Americans don’t eat enough seafood – February 14, 2016

By February 14, 2016Fish Facts

One can effectively argue that fish farming is based on the same paradigm as industrial meat production, that Frankenfish is a frightening creation, but it is hard to dispute that eating seafood is better than eating meat for the health of our bodies and our planet.

Americans on average annually consume about 105 pounds of red meat and 105 pounds of poultry, yet less than 15 pounds of seafood. 90% of Americans do not get the recommended minimum of 8 ounces of seafood weekly, according to a recent USDA analysis. Eating fish dramatically reduces the chances of dying of a heart attack, improves children’s brain development, slows brain aging, lowers the risk of depression and mood disorders, can help with weight management and more. Not to mention deliciousness.

Our friend Arlin Wasserman, founder of Changing Tastes, made a powerful argument in favor of more seafood consumption as the keynote speaker at last week’s Seafood Summit. “Seafood marketers need to do a better job of comparing fish and seafood to other food categories, such as beef or chicken, because the health comparisons are so favorable,” Wasserman said. “If we can reposition seafood as better than other foods for health, environment and other reasons, can win market share from those transitioning away from meat and make ours the ideal protein for the dining and shopping public.”

 

Tony Martin on the dock in Destin, FL with Red Porgies

 

Mahi Mahi, landed in Beaufort, NC, sesame seared and served with wasabi mashed potatoes topped with a honey soy glaze by Chef Jason Reynolds at Ball State University in Muncie, IN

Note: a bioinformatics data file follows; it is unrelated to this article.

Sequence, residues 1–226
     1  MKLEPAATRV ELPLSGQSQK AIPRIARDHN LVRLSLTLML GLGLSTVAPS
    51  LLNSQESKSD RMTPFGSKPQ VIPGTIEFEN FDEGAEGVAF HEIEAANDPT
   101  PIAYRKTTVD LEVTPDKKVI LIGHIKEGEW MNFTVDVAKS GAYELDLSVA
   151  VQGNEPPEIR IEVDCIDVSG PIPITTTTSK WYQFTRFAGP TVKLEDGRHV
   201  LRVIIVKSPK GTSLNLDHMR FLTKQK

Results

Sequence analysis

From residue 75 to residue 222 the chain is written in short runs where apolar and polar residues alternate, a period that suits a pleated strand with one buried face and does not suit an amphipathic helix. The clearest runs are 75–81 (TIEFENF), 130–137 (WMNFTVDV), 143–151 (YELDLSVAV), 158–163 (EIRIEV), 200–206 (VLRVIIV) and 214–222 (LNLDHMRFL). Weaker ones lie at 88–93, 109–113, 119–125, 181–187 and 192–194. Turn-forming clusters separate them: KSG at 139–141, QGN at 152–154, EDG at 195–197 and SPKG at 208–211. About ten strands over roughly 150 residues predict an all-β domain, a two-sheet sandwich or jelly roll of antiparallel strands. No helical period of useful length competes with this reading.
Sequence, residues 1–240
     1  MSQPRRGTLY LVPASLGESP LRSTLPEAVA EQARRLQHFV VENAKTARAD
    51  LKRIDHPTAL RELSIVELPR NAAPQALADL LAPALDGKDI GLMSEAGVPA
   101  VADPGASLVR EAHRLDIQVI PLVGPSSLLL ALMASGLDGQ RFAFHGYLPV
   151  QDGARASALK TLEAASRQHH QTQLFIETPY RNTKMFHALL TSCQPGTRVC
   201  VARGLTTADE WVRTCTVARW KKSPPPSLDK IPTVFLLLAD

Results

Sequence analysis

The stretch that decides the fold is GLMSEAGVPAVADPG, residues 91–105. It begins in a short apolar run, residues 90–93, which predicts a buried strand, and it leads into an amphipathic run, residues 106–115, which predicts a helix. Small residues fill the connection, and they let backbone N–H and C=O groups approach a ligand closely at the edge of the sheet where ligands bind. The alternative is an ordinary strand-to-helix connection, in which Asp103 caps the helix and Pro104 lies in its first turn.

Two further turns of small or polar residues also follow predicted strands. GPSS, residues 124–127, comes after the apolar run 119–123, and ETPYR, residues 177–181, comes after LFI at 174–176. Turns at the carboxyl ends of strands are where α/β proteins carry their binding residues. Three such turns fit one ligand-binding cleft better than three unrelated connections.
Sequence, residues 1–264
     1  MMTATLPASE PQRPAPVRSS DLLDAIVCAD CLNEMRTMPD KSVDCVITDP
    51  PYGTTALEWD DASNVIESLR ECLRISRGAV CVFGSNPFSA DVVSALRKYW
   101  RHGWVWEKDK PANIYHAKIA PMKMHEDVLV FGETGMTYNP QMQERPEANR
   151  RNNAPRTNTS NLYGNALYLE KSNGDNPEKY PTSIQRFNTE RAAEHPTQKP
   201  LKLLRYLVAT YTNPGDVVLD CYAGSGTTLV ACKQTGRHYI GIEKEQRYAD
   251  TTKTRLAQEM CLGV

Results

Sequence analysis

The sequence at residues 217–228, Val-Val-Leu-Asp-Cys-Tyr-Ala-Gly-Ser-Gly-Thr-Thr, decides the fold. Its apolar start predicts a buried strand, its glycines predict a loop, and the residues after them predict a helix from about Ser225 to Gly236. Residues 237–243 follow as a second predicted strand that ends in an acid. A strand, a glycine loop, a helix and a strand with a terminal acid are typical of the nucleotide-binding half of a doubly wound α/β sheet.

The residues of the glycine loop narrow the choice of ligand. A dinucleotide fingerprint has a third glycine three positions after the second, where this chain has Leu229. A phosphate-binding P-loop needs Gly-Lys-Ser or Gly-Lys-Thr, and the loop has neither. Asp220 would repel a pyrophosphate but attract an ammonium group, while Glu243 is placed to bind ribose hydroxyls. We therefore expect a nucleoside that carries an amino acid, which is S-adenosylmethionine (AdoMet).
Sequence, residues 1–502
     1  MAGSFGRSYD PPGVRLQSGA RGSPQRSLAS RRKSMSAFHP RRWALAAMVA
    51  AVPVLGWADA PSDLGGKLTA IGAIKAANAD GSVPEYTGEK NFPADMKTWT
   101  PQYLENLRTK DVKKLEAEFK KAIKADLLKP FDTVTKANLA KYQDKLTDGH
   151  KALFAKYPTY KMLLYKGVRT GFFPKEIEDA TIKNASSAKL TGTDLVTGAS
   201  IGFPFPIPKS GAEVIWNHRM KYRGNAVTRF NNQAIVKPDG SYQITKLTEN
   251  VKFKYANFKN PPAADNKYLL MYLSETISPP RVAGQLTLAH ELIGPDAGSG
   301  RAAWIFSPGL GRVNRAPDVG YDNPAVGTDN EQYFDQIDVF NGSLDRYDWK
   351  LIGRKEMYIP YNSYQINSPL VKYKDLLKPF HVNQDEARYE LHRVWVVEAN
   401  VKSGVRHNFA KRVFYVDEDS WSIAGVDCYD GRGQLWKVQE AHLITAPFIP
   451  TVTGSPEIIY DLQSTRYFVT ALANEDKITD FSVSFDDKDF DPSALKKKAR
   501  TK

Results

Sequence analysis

One seafood trend gaining traction is that invasive fish species are finding their way onto menus across the country. The idea of improving ecosystems with forks is a favorite of New Haven chef Bun Lai, who is bringing his unique style of eco-conscious cuisine to a pop-up called Prey next month in Miami Beach. From lionfish to asian carp, from blue catfish to spiny dogfish, eating invasives helps fisheries, fishermen, and fishing communities, not to mention delivers deliciousness.

The oceans, covering over 70% of our planet, are arguably our greatest common resource. Yet our oceans remain 95% unexplored, as we know more about the surface of Mars than what goes on beneath the waves. New species are regularly discovered, such as the striped pyjama squid starring in this video. Adorable.

All the best,

from the Dimin Family and the Sea to Table team

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